From Reading to Wonder:
Erika Anderson on Safe as Houses by Marie-Helene Bertino
~6th in a series
When I tell people I’m a writer, they ask what I’m reading. This is smart. It’s smart because more often than not, we’re in a bar, and I’m not sure if I want to talk about my writing at top volume while “Somebody That I Used to Know” wails in the background. Every time I try to explain what I write and for whom in short bark-like shouts, I find myself on an existential quest. This is not how I want to spend my Friday nights.
What I’m reading is Marie-Helene Bertino’s Safe as Houses, her debut collection and the winner of the Iowa Short Fiction Award. I’m into atheist, hard-drinking, chain-smoking Ruby, the protagonist of “Carry Me Home, Sisters of Saint Joseph.” The sisters want Ruby, the new groundskeeper, to talk to the tomato plants and make them grow:
Sister Charlene leads [the Sunday school class] out of the courtyard and Sister Helena has business in the kitchen, so I am left alone with the tomatoes. I feel nervous, like a newcomer at a party, trying to smalltalk with a person I’ve just met. I say, “How you bitches doin’?”
Everyone always laughs. They don’t giggle or smile. Short of throwing their heads back, or actually rolling around on the floor, their faces are soft and happy and everything is right.
I’ve seen Bertino read twice now, once at WORD in Brooklyn’s Greenpoint, where Bertino stood in front of the podium, saying, “I promise there will be no audience participation.” She read from “Sometimes You Break Their Hearts, Sometimes They Break Yours,” narrated by an alien who faxes her observations about human beings to her home planet.
Human beings, I fax, fetishize no organ more than the heart. When they like someone they say, There’s a girl after my own heart. They will stand or sit very close to the person they love with their heart. When they are sad they say, My heart is broken. They will tell large groups of people things they don’t believe. But the heart is just a muscle with an important job. Just an area in the body.
What is it about the heart? Did Hallmark put us up to this? Could we just as easily be talking about the liver? Does grief cause us to delude ourselves, to say I’ll never find someone else like him? It does. Yet in the moment that delusion feels true, it feels necessary.
Both the alien and Ruby introduce themselves and their stories with what I like to think of as a statement of purpose. Prior to moving in with the Sisters of Saint Joseph, Ruby proclaims:
I am quitting a boy like people quit smoking. I am not quitting smoking. The pamphlet insists: Each time you crave a cigarette, eat an apple or start a hobby! Each time I think about Clive, I smoke a cigarette. If I have already smoked a cigarette, I eat an apple. If I have already eaten an apple, I start a hobby. I smoke two packs a day. I pogo-stick, butterfly-collect, macramé, decoupage. I eat nothing but apples. I sit in my kitchen, a hundred of them arranged on the table. If I can eat this pyramid of apples, I will be over Clive.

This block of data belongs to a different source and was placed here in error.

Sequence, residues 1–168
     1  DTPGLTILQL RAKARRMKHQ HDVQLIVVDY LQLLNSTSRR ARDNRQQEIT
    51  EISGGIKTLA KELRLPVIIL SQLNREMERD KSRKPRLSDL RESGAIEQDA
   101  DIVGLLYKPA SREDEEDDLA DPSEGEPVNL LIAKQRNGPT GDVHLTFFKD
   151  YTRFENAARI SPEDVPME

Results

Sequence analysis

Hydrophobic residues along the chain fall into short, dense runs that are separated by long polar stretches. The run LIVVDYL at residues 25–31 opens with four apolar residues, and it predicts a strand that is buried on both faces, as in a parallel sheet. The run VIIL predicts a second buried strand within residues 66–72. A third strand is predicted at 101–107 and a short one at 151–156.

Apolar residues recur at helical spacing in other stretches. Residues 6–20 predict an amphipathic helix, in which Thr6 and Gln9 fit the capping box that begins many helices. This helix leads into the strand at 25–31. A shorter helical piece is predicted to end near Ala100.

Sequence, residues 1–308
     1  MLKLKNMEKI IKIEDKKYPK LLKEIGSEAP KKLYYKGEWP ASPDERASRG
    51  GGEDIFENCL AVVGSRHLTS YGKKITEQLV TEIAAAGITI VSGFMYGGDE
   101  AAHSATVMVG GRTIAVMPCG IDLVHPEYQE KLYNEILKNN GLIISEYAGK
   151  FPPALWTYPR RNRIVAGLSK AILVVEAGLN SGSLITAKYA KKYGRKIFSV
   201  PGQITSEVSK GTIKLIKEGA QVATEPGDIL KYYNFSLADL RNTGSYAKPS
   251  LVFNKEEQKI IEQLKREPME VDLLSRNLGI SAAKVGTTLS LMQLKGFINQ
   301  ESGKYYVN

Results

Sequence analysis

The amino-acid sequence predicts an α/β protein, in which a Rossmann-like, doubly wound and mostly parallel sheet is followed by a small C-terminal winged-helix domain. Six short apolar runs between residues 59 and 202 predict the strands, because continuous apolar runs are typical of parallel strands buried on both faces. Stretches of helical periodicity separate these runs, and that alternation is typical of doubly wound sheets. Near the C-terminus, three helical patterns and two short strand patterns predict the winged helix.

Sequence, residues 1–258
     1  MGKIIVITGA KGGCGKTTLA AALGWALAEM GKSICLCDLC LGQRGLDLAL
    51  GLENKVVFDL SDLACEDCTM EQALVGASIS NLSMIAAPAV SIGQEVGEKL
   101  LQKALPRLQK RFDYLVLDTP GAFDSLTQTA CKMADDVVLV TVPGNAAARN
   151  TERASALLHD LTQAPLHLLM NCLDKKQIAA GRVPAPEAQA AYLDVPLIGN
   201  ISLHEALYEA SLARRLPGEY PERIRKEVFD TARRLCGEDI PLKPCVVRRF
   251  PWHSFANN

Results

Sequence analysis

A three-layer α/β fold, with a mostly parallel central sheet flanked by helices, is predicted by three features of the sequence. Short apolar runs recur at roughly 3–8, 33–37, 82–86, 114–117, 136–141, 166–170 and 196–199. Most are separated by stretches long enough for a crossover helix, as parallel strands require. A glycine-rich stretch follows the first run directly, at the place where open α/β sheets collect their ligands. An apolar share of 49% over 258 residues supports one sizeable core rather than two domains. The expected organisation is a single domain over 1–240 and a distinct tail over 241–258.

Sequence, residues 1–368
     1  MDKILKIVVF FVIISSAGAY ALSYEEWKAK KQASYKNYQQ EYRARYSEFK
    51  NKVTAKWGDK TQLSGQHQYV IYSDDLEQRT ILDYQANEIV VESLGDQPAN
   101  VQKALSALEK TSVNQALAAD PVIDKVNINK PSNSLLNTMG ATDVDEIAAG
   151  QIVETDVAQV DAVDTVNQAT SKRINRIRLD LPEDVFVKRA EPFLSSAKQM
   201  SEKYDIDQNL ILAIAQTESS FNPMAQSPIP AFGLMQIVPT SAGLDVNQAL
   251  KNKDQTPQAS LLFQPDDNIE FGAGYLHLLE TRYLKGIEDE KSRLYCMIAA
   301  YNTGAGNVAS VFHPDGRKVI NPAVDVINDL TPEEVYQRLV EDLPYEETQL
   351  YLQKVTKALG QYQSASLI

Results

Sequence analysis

Ruby’s plan leads me to wonder what simple equations I have relied on. If I like you, then you will like me back. If you like me back, then you will call me. If you call me, then we will go out. If we go out, then we will fall in love. Always in, never out.
Ruby’s plan also leads me to wonder what I have reached for in desperation. The wrong boy at the right time, his eyes saying everything he would not? The last piece of pink frosted sheet cake, the sides drying and crusty after sitting out all afternoon? Shots of I-don’t-even-know-what with bartenders at the end of the night?
Toward the end of “Carry Me Home, Sisters of Saint Joseph,” Ruby contemplates the children in the Sunday school:
These kids will grow up. Some of the boys will never feel tall enough. Some of the girls will look great in pictures but in real life will be dull and forgettable, the girls on the bench at the mall you ask to move so you can throw out your soda. Some of them will never be able to find their keys. Some will triumph. One day a person they love will say I do not love you. One day every one of them will die. Today is not that day.
For the first time I wonder if this place that hurts might not be the heart but something else altogether, or perhaps nothing at all. I wonder if there’s no special meaning to the one who has left us, or to the one we have left. I wonder when I’ll know what kind of writer I am, or if it doesn’t matter anymore. I wonder when I might describe my writing in staccato bursts over the latest break-up anthem without feeling the need to prove anything.
Safe as Houses
University of Iowa Press
by Erika Anderson